Thursday, January 14, 2010

Going to Haiti to Provide Aid or Healthcare? Some Helpful Reading about Haitian Health Beliefs . . .

I'm not going myself, but was contemplating the scenario that many humanitarian delegations will be embarking on over the next days, weeks, and months. I've never been to Haiti, and I've never been part of a massive disaster recovery aide mission.  As a registered nurse with a great interest in public health, I surely understand the cultural implications of healthcare delivery. Whether it be a disaster or not, it's always necessary to respect the cultural beliefs and practices in the host nation. 

For those seeking information in advance of their deployment to Haiti to render aid, I'm sure you are Googling for information.  I know you will find many scholarly articles that discuss some aspects of cultural relevance in the Haitian culture. Most notably the articles I've seen address HIV-related treatment, diarrhea in children, and influenza vaccination.  I'm not linking to any of those articles since they require a paid subscription to read them and my budget (and perhaps yours) won't accomodate the luxury of unlimited access to those scholarly articles at this point. (As a side note, wouldn't it be a wonderful and valuable altruistic gesture on the part of publishers to release those Haitian-related publications for full-access at a time when the world attention is focused on wishing to help the unfortunate victims of this disasterous earthquake?)

Here are a few (for the most part free) readings that may augment your current knowledge about Haiti and the healthcare practices and beliefs of the Haitian people.
Haitian-American Article




Please feel free to leave a comment with advice based on your personal experiences or links to information that will help caregivers heading for Haiti.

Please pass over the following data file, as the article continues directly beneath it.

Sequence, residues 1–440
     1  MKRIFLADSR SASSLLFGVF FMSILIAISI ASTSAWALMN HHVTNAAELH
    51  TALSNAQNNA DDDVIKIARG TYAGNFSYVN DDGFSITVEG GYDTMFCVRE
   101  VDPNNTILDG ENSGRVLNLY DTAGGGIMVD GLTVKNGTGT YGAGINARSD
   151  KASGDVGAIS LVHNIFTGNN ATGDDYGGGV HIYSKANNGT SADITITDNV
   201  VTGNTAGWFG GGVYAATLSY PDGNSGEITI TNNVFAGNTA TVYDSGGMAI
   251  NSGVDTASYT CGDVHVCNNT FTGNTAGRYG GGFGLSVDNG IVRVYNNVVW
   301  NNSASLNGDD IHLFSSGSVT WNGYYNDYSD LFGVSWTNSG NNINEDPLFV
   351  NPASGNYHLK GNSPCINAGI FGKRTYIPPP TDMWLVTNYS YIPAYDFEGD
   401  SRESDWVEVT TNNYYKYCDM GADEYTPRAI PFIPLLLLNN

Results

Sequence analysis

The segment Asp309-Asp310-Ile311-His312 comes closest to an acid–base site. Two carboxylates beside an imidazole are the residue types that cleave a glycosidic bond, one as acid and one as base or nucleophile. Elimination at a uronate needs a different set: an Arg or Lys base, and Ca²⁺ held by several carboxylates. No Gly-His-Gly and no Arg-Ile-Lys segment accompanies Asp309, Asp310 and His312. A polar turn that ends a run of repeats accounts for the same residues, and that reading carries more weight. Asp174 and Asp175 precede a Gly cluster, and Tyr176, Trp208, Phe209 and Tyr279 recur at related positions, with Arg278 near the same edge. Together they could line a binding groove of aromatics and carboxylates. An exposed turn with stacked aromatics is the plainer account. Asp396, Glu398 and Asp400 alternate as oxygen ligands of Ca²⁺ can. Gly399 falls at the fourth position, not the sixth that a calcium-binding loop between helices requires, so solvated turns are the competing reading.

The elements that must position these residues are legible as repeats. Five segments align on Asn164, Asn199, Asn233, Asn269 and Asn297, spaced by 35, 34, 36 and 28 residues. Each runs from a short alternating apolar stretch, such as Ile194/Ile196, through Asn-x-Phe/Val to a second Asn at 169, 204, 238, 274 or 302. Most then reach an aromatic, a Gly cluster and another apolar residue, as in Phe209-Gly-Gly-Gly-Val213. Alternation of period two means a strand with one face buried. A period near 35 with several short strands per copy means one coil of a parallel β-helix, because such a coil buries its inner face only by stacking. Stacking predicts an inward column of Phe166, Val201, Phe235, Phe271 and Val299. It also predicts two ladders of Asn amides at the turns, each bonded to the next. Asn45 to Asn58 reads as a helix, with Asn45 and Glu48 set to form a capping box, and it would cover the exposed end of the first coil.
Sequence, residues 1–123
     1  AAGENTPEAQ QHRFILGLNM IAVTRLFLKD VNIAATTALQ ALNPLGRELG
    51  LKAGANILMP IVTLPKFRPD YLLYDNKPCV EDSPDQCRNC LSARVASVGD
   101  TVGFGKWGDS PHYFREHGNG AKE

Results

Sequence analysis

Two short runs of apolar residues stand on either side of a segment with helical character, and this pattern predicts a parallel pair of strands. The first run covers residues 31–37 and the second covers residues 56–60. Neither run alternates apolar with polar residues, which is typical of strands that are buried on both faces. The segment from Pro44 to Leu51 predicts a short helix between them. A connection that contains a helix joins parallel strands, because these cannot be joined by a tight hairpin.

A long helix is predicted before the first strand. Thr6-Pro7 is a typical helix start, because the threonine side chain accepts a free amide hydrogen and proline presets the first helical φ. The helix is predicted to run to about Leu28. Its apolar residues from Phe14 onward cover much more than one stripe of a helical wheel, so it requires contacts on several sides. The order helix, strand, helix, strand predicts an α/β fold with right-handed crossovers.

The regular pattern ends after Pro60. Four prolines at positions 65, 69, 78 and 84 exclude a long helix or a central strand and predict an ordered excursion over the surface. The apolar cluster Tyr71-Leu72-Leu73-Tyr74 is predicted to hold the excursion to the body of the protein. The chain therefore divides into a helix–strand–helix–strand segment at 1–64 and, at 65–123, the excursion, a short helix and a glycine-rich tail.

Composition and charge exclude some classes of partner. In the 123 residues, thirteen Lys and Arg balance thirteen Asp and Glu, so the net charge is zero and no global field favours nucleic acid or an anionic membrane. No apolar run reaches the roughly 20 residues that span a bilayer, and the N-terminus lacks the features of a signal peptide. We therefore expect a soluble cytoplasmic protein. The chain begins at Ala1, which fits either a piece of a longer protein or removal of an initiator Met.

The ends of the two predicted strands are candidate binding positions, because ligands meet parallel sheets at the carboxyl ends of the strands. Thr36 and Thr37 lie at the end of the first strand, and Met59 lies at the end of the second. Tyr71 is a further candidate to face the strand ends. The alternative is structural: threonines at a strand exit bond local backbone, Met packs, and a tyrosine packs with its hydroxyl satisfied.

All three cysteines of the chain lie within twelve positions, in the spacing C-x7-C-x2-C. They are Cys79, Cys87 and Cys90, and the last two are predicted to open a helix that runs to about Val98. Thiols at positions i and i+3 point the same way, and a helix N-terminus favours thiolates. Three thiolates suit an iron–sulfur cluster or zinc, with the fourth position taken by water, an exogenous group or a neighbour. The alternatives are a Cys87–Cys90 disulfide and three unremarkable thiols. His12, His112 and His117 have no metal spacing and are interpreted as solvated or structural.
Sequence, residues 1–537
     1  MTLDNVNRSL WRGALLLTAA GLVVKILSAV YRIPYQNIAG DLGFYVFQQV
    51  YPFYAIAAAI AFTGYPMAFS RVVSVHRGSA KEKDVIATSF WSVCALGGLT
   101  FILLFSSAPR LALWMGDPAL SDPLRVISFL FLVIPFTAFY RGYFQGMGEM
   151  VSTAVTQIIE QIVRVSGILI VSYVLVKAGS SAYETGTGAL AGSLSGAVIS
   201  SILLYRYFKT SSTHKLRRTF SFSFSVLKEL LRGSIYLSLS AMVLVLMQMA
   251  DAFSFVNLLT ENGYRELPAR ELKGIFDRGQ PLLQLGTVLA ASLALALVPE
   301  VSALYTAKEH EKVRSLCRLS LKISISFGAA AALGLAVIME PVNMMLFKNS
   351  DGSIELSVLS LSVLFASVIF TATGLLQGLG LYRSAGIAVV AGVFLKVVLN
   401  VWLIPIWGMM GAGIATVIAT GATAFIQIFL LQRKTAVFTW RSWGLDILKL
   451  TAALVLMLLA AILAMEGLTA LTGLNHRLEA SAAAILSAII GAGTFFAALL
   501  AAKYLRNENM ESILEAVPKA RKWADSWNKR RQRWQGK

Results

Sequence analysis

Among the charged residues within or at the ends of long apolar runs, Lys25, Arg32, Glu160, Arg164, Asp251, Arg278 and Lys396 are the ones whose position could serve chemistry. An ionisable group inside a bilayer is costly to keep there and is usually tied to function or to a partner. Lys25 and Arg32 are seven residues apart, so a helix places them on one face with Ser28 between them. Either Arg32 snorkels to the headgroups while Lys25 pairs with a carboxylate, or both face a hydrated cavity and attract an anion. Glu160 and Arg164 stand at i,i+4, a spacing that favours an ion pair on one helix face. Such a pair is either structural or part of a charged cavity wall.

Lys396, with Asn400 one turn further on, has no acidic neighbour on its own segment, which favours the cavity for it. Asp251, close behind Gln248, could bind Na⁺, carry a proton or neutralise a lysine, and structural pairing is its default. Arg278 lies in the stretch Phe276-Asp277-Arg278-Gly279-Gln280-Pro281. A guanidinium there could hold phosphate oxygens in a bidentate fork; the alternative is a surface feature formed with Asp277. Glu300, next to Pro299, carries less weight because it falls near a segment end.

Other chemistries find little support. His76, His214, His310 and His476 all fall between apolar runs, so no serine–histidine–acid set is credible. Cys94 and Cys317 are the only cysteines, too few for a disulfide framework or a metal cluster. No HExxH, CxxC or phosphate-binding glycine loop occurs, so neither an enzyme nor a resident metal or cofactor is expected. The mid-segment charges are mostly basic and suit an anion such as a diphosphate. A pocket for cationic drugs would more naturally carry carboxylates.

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1 comment:

Carolyn Cooper, MPH, RN said...

Yesterday my family happened to meet an RN who has traveled to Haiti three times in years past as part of a church-related health mission. She talked briefly about her past experiences and told us that she may be returning in March if her group's trip, planned pre-earthquake, gets final approval. All the chaos there makes it uncertain.

In our brief chat this nurse painted some vivid images of pre-earthquake Haiti
. . . a country where ambulances, first responders, and other emergency services simply didn't exist before the earthquake
. . . where there are no highways to connect the major cities, just a long dirt road
. . . where hospitals were antiquated to begin with--with cushions on the floor for patients instead of beds
. . . patients had to pre-pay the hospital gate guards before they could be admitted for treatment. She said there was often a dead body or two just outside the hospital gate--patients who got close, but couldn't pay to get in.
. . . once the pre-paid patients were admitted into the hospital and were examined, the doctor would give family a prescription to be filled--whatever the doctor needed was on that prescription, from antibiotic medications to sutures and dressings. Someone in the family had to come up with the money to take this list to a pharmacy in town and bring back the supplies before the treatment could commence.
. . . She explained why food and supply drops in hard-to-reach parts of Haiti would be likely to fail due to an "every man for himself," "survival of the fittest" mentality; such lifesaving supplies would become property of the strong--not shared with those in need unless a significant payoff was proferred.
. . . Desperation was a dangerous threat to health-care delivery even in the pre-earthquake clinics that her mission presented. "We had to have armed guards accompany us, because they'd mob us just for our Tylenol. Usually young men, but sometimes women, too."
. . . This nurse mentioned the permanent aid organizations that were already in Haiti, such as "Feed the Children." She wistfully remarked that those organizations, with their already existing feeding stations and presence in Haiti, should be strongly supported and funds should go to keeping those established institutions going strong right now instead of bringing in aid workers who will "drink the limited water and eat the limited food" despite their fervent wishes to help.

Just thought I'd share these thoughts and hope others will share theirs also.